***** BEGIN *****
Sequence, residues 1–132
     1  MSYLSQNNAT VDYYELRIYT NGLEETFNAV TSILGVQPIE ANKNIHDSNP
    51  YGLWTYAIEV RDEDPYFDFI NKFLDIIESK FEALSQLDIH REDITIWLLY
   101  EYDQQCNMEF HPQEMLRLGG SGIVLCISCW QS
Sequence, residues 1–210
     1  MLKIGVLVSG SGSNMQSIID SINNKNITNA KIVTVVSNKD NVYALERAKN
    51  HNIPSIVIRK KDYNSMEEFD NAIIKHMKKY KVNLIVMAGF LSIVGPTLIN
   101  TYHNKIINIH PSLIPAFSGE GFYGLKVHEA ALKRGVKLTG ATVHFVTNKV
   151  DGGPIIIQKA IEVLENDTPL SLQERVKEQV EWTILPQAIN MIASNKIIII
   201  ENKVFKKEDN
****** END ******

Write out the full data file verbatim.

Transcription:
Sequence, residues 1–132
     1  MSYLSQNNAT VDYYELRIYT NGLEETFNAV TSILGVQPIE ANKNIHDSNP
    51  YGLWTYAIEV RDEDPYFDFI NKFLDIIESK FEALSQLDIH REDITIWLLY
   101  EYDQQCNMEF HPQEMLRLGG SGIVLCISCW QS
Sequence, residues 1–210
     1  MLKIGVLVSG SGSNMQSIID SINNKNITNA KIVTVVSNKD NVYALERAKN
    51  HNIPSIVIRK KDYNSMEEFD NAIIKHMKKY KVNLIVMAGF LSIVGPTLIN
   101  TYHNKIINIH PSLIPAFSGE GFYGLKVHEA ALKRGVKLTG ATVHFVTNKV
   151  DGGPIIIQKA IEVLENDTPL SLQERVKEQV EWTILPQAIN MIASNKIIII
   201  ENKVFKKEDN